Some years back I took a ceramics class with some older ladies, one of whom said: "A man called me at work today about a different job. Is that legal?" Yes, it is: There's nothing to stop a search guy from going where he pleases.
As a business leader, you could go crazy wondering how much time your employees waste chatting with search people. During one particularly competitive hiring period in my corporate HR days, headhunters were killing us. Our company became known as a gold mine for talented employees, which we began losing at an alarming rate. Stop them! cried the line managers. I'm trying! I replied.
ENLISTING EMPLOYEES. We trained our receptionists to spot callers who weren't really the friend-of-a-friend-of-an-employee they claimed to be. "I need to speak to Mark," a caller would say, "but I've forgotten his last name. He's a programmer, I met him at a party and I lost his number. He wanted to look at a car I'm selling." Yeah, right. We stopped putting calls through for people who didn't have their party's last name and department. But we were swimming upstream.
Finally, we realized that receptionists couldn't erect a Great Wall of China around our talent pool. Employees would hear about other jobs anyway. Clearly, we needed to glue people to their seats, in a manner of speaking, by making life at our company too rewarding to abandon.
Further, we decided to enlist our employees in a campaign to subvert headhunters. The subtext of a recruiter's call usually was: "I, the search dude, and my client, the employer across town, value you more than your current employer ever will. We see the greatness in you that your boss takes for granted. Forget those guys you're working for -- they don't know what they've got. This new job is far better. Let's meet soon -- it'll be our little secret."
INSIDE DOPE. To destroy that mystique, we devised this plan: Take the calls, we told our employees -- and take notes. Earn cash for every headhunter conversation you report to HR. As in Kung Fu, we'll use the headhunters' own calls against them.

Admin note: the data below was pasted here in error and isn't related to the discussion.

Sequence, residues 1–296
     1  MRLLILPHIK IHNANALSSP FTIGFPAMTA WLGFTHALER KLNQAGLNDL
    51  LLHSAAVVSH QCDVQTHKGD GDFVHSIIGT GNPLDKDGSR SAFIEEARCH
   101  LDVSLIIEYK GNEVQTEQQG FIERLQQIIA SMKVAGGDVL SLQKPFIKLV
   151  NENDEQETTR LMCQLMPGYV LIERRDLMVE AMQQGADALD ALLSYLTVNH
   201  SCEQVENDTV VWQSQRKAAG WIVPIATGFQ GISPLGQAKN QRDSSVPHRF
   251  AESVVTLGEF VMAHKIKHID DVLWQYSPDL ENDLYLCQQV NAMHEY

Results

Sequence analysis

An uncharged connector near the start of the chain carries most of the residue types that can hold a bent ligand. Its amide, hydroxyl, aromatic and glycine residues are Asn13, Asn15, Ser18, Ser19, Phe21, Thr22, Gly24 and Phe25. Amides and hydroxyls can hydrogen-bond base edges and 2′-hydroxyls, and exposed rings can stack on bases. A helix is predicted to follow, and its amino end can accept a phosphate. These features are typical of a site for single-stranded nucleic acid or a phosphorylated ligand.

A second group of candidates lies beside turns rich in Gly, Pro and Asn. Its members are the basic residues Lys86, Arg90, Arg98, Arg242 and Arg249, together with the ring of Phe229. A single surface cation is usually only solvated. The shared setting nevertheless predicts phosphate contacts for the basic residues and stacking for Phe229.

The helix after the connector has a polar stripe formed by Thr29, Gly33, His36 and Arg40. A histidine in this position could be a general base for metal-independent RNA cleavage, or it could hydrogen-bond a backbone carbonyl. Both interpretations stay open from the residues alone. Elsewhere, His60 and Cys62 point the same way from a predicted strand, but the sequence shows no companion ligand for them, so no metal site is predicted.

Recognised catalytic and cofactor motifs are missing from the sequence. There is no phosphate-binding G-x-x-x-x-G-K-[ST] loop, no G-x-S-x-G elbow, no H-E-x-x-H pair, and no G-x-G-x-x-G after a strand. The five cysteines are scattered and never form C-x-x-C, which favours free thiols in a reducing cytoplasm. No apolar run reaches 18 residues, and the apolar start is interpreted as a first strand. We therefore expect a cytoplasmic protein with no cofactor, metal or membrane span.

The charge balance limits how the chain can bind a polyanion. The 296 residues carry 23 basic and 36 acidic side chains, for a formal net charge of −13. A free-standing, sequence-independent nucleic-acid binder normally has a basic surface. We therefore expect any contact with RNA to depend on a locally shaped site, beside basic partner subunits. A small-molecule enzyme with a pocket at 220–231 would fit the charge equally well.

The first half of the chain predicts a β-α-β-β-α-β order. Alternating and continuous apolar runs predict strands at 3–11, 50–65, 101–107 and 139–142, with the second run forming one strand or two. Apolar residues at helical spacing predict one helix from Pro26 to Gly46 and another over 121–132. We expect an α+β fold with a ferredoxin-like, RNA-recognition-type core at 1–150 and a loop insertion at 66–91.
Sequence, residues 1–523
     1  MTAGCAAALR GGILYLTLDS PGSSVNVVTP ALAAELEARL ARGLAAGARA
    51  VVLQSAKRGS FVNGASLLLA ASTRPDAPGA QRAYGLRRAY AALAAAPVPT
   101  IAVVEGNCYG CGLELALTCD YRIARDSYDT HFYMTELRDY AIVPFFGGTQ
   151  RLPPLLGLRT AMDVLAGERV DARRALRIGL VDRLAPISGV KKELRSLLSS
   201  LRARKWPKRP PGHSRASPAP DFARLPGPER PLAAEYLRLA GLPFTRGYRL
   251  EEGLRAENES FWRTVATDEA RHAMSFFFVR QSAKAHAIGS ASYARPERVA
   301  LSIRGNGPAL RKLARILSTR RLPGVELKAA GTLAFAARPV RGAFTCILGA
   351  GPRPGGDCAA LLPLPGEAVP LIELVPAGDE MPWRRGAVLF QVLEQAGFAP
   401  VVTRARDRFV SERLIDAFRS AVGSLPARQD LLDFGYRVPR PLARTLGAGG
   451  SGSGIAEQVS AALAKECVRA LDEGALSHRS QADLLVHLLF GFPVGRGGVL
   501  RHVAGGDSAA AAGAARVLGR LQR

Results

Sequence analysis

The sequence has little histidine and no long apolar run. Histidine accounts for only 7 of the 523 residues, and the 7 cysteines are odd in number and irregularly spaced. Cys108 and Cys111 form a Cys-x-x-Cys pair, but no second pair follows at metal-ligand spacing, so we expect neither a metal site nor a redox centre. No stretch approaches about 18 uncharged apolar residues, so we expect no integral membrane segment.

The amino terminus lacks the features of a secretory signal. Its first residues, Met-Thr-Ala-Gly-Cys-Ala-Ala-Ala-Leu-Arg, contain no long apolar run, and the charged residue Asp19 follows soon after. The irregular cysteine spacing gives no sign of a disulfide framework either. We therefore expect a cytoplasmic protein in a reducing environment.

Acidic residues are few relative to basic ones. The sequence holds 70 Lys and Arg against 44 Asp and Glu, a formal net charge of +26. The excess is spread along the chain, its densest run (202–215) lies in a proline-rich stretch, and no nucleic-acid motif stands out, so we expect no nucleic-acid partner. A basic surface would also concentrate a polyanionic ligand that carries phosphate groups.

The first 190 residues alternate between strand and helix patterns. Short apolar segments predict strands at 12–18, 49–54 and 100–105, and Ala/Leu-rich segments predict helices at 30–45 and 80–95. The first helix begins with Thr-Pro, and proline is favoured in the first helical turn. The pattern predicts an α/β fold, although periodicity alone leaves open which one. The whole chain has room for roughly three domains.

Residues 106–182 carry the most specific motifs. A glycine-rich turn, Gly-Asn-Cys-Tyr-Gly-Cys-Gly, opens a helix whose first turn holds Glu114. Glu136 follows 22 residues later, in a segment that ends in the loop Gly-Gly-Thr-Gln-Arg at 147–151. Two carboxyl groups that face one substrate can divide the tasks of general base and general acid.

Three great things happened during this counterattack. First, we gathered competitive intelligence -- about the projects at our competitors, about the salaries, stock options, and other benefits they offered. We learned which exciting products were in development, all thanks to the headhunter's pitch to prospective hires.
After a few months, we realized that we could construct organization charts for our competitors by splicing together what we had learned. We discovered something else, too: A few of our trusted search partners were violating their agreements with us by calling our own guys, even as they worked on filling our assignments! That's a big no-no, enough to get you blacklisted for years.
IMPORTANT REMINDER. We also forged a closer bond with our best employees. Every time the phone rang with a headhunter's call, they got a check for $50, a reminder that we valued them more than those outsiders did. Suddenly, simply being valuable brought recognition. It took a while for the headhunters to catch on -- some never did -- and some employees made a bundle in the meantime.
The third advantage was that once we started this program, we expended zero energy trying to wall off our valued employees. You want to talk to Paul, in Product Management? I'll put you right through! Paul had his notebook and pen ready. "Really? Who's the client? What sorts of skills are they looking for? What are they paying?" I'd have Paul's summary in my hands about half an hour later. Ka-ching! Paul was happy. The company was happy.
We spent a few thousand dollars -- a fraction of the search fee for one midlevel hire. And if we didn't know already, we learned that people like to be valued -- it was a reminder to tell employees more often how essential they are.
WORTHWHILE EXPENSE. We always wondered whether our "go ahead and listen" strategy might backfire by encouraging a conversation that would lead to a key employee leaving us. It never happened. Rather, we ended up reminding our employees that we trusted them enough to encourage them to talk freely with anyone.
Of course, once they knew what the rest of our industry was paying, we couldn't very well claim ignorance and underpay our own folks. So we gave up a little leverage. But isn't that what trust is all about? Do you have any great business leadership tips to share with BusinessWeek Online's readers? Send them to Liz Ryan, an at-work expert, speaker, and writer, and CEO of online networking organization WorldWIT